Protein (Part 2)

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If you didn’t read Part 1, click here .

An egg is an excellent source of protein and its protein is so good that the egg is used as a basis of comparison to evaluate the protein quality of other foods. The egg has an arbitrary value of a « perfect » 100% :

FoodProtein rating
Eggs (whole)100
Fish70
Lean beef69
Cow’s milk60
Brown rice57
White rice56
Soybeans47
Whole-grain wheat44
Peanuts43
Dry beans34
White potatoes34

In the table, there is the value of whole eggs and it’s done on purpose. There is a fashion that consists only of eating the egg’s white because the yellow contains fat and cholesterol (which the egg’s white doesn’t have). The problem is that the egg’s yellow contains as much protein as the egg white and the majority of the vitamins and minerals of the egg.

In the table, you can see that rice, potatoes and beans give less usable protein than eggs and fish. It’s because that they have few essential amino acids. However, you can combine foods that have little useful protein so that the mix of all this gives you the amount of usable protein you need.

With this combination of feeds that have little usable protein, adding a complete protein food makes an excellent meal.

This combination of food with little usable protein is convenient because these are foods that are generally low in calories and fat, which is not the case for many complete protein foods. When you try to get as much muscle as possible with less fat, it helps a lot. You can also have fat-free protein with supplements.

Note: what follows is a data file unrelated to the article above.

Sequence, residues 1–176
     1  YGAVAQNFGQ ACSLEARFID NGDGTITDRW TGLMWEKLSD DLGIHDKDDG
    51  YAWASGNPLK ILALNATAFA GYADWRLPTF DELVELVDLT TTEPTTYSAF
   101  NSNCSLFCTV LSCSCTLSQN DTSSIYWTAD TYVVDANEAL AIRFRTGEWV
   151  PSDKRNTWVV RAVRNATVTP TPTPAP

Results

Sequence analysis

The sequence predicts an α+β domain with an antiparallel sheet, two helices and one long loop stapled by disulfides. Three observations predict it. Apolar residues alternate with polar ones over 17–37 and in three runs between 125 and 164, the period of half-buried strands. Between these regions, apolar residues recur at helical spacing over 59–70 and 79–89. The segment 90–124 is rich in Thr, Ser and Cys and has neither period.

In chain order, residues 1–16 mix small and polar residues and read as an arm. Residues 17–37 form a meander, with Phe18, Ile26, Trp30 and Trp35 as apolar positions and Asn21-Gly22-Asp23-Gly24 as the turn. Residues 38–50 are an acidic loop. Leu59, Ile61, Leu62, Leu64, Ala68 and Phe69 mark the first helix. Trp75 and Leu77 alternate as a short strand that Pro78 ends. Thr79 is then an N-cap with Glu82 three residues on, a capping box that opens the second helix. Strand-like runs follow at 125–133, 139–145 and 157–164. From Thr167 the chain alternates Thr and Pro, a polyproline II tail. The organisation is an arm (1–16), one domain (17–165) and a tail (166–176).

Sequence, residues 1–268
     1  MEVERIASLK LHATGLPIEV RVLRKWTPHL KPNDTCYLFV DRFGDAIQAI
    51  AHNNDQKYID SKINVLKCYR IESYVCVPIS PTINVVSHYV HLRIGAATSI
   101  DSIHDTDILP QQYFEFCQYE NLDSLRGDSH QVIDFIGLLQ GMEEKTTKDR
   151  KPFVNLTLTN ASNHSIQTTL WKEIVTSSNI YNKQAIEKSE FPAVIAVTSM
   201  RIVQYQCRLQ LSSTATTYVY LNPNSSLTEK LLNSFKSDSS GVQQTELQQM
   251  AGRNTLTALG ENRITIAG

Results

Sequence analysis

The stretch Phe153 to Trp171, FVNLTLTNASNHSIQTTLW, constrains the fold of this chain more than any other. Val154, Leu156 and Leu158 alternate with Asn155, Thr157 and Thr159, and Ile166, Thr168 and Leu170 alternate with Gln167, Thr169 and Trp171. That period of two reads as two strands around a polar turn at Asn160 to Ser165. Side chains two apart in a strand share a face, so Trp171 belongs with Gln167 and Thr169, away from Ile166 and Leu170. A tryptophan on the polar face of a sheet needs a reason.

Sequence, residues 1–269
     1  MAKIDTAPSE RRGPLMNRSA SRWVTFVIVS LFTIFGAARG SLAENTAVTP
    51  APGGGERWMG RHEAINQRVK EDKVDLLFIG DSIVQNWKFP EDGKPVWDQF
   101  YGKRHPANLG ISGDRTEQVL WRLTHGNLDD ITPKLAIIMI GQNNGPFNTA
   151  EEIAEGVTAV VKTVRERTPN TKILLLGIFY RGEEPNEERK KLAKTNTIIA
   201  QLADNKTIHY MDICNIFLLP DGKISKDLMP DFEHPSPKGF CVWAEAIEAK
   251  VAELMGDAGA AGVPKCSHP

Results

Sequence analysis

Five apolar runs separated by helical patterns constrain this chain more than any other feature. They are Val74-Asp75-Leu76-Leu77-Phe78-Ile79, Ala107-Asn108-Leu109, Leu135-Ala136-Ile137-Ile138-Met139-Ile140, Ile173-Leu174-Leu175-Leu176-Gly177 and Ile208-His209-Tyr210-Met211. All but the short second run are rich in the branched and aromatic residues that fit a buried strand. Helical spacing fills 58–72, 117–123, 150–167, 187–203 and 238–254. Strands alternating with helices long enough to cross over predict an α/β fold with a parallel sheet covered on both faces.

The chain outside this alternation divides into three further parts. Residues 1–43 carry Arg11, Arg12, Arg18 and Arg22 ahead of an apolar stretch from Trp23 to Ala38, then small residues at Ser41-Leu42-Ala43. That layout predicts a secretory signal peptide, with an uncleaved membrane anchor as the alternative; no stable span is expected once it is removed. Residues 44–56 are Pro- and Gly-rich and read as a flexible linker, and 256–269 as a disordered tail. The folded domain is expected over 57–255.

In Part 1, I said that foods with little usable protein devoid of some essential amino acids, that’s why you have to have a special combination with food to make up for that lack. In « Diet for a small planet » by France Moore Lappe, the following combinations are recommended :

Grains plus Seeds

  • Breads with added seed meals
  • Breads with sesame or sunflower seed spread
  • Rice with sesame seeds

Grains plus Milk Products

  • Cereal with milk
  • Pasta with milk or cheese
  • Bread with milk or cheese

Grains plus legumes

  • Rice and beans
  • Wheat bread and baked beans
  • Corn soy or wheat-soy bread
  • Legume soup with bread

By remembering these food categories, you will be able to combine your foods to have the maximum protein available for use. You can also read a nutritional guide to know which of the 8 essential amino acids is missing in a food to be more precise, but with these food categories, it’s easier.

You just have to calculate the amount of protein you need per day, apply what you just read and reach your goals.

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-Steph

P.S. If you’re in Miami and you like Caribbean food, go to my cousin’s bistro to eat Haitian food, click here .

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